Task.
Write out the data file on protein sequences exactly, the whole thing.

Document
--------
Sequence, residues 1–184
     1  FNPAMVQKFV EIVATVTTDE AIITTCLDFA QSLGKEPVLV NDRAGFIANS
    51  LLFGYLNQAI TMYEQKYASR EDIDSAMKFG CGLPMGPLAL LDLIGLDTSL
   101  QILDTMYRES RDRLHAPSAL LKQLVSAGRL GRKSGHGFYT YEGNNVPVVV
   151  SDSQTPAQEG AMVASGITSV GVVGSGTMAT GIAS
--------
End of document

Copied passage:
Sequence, residues 1–184
     1  FNPAMVQKFV EIVATVTTDE AIITTCLDFA QSLGKEPVLV NDRAGFIANS
    51  LLFGYLNQAI TMYEQKYASR EDIDSAMKFG CGLPMGPLAL LDLIGLDTSL
   101  QILDTMYRES RDRLHAPSAL LKQLVSAGRL GRKSGHGFYT YEGNNVPVVV
   151  SDSQTPAQEG AMVASGITSV GVVGSGTMAT GIAS